Equity Curve, Lazy Man System Out-of-Sample
As evident from the above report, the system did not perform nearly as well during the out-of-sample testing. There are likely many reasons for this, but here are several that I’m considering:
1. The system is still working well but has just entered a drawdown or phase of under-performance. Or…
2. Due to the lack of more than 6 months worth of data, we do not know whether this type of under-performance is normal or abnormal. (More on this at the end) Or…
3. The system was curve-fit to the in-sample data set.
The system was tested on data from 2/16/2009 until today, 4/29/2009. The same parameters were used:
RSI Long Exit above 85 and RSI Short Cover below 10
Profit Target: $700.00
As I was looking over the trade-by-trade report, I noticed that not one time did the profit target trigger during this test. This means that every exit was triggered by the RSI level. Obviously, something changed between the in-sample and out-of-sample data. My guess is that the out-of-sample data was less volatile, meaning the profit targets were never reached. From December 2008 to the present, we know that volatility has decreased.
And this brings up an important point. When one uses static profit targets or stops, he or she risks that increasing or decreasing levels of volatility will render these static targets and stops ineffective, unless constant readjustment is applied.
Beyond the example demonstrated in this test, anyone using fixed-percentage stops and static profit targets during October and November of last year found out the hard way that both the stops and profit targets could have been doubled.
Why then would I use these stops and profit targets for this system? Primarily because Lazy was curious as to how the system would back test using them. I have to say that I was curious as well. In the end, it seems that this system should adjust with volatility.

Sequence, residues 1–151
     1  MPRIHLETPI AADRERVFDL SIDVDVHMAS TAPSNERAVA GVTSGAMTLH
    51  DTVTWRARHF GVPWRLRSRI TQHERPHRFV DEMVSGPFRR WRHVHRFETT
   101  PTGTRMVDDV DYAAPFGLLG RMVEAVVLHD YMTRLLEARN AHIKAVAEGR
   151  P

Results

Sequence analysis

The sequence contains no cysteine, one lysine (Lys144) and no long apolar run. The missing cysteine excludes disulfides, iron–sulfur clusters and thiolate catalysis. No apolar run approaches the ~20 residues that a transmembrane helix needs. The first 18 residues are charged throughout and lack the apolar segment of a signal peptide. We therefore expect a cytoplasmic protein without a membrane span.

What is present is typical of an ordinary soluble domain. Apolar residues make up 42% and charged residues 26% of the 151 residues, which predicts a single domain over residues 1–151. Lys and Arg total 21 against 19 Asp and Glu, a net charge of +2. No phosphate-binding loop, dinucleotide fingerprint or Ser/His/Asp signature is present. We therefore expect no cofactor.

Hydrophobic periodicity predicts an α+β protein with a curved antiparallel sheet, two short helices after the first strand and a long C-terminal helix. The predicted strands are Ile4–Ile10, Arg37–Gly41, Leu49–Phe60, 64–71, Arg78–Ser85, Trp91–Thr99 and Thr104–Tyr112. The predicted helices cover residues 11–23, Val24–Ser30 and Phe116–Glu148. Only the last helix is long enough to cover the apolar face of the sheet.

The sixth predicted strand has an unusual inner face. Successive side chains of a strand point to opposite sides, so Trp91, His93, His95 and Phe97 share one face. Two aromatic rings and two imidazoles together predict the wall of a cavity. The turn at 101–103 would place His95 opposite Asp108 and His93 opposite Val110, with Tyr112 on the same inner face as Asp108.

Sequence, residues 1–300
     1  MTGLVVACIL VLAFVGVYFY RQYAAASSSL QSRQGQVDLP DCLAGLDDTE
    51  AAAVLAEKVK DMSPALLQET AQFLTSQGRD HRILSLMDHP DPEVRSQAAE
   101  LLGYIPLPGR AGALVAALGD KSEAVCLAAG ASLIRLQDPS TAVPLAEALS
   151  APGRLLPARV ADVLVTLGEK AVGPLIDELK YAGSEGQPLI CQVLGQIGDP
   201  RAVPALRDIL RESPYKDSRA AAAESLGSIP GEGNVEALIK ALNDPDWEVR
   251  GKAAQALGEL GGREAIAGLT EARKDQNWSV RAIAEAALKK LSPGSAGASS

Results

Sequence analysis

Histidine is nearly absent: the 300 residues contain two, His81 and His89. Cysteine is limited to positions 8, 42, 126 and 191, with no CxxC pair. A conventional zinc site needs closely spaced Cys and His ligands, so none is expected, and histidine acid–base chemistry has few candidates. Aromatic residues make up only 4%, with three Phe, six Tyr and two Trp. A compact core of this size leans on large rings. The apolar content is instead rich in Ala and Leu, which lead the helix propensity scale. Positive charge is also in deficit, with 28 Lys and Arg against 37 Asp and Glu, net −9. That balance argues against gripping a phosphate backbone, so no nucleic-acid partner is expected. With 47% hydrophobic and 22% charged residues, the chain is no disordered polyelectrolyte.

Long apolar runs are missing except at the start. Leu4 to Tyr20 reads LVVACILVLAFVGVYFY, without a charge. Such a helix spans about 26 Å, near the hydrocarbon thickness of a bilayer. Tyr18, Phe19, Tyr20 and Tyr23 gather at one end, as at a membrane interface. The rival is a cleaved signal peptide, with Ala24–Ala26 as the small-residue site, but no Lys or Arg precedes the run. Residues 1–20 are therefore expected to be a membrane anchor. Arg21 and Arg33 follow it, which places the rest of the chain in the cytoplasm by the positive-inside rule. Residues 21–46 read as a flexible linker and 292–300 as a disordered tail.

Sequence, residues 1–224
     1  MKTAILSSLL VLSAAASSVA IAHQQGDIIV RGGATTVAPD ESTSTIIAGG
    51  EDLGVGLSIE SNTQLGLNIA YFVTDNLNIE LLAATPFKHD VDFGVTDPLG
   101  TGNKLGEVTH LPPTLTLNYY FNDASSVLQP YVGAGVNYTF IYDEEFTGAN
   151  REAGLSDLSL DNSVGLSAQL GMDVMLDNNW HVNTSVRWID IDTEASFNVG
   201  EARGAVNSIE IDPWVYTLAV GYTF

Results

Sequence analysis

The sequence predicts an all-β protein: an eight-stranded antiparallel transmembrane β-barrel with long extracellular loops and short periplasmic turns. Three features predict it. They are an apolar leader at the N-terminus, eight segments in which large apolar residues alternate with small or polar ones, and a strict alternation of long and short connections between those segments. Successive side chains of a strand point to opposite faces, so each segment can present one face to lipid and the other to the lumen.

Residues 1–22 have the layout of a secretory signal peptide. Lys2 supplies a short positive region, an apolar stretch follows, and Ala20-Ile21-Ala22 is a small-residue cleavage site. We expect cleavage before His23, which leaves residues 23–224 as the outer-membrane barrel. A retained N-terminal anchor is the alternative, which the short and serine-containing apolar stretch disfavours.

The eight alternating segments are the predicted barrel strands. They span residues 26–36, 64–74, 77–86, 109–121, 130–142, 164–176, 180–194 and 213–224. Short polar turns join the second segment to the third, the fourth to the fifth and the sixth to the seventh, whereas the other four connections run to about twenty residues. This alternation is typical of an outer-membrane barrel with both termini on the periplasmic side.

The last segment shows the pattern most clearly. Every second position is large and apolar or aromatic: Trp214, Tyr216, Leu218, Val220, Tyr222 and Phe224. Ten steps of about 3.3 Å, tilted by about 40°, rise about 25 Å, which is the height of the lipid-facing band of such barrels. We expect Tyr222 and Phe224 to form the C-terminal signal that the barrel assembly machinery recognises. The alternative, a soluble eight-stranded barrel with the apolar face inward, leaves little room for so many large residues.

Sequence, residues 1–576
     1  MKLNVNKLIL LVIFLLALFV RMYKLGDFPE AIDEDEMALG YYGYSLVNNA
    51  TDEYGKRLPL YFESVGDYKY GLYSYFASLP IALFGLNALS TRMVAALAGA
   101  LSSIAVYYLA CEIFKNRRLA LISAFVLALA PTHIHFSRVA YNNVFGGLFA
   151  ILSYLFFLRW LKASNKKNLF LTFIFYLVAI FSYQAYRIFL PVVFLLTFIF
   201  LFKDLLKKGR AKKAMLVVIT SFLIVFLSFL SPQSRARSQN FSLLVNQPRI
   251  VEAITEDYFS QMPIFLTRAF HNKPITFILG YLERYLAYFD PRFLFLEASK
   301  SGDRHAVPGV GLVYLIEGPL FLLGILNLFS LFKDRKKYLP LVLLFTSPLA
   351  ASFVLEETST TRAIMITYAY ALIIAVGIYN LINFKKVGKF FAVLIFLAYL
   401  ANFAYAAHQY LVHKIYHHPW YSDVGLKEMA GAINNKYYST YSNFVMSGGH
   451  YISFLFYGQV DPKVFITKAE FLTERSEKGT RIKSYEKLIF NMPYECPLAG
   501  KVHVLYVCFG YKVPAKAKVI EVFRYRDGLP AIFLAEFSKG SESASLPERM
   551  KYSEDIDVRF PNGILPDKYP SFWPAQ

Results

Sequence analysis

These experiments could continue for much longer than most normal people would want to read about in a blog. From here, it is natural to wonder though: Which of the exits (besides RSI), if any, performed well over the out-of- sample results?
I will stop here though, as I think the Lazy Man system needs to marinate for a time, and I need to move on to other ideas. I will soon put all of the posts about this system on one page to make for easy reading / referencing.
It was suggested that a Monte Carlo analysis would help in evaluating whether a system is robust or not. I wanted to run a MC on this system, but had neglected to do so. Bman’s comment reminded me to do so. Below are a few graphs of the data from the first in-sample optimization.
Monte Carlo Simulated Equity Curves
This represents 1000 different equity curves with each curve being made of a random ordering of the actual system trade results.
Looks great, huh?
Max Drawdown Distribution
This graph shows that 95% of the trials had a percentage drawdown of 28% or less.
Looks great too, no?
It does, until these results are contrasted with the results from the out-of-sample tests where the system has experienced a drawdown from starting equity of 28.22%
Simply put, neither I nor the data know what we don’t already know.
The data set looks great, in sample, but the out-of-sample run produced is similar to one of the unlucky red lines in the very bottom-left quadrant of the equity curve graph. Look for the curves that immediately dip and lose money.
When I run the Monte Carlo on the out-of-sample data, the graphs demonstrate truly horrendous performances. The out of sample results show a system where 44% of the trials lost greater than half the starting equity. The Max Drawdown graph shows that 95% of the trials had a drawdown of 64% or less. This is quite a contrast to the Monte Carlo results from the in-sample data.
Without a doubt, more than six months of tick data is required for further development of Lazy Man’s system.
I will continue to monitor this system and post updated results and equity curves from time to time.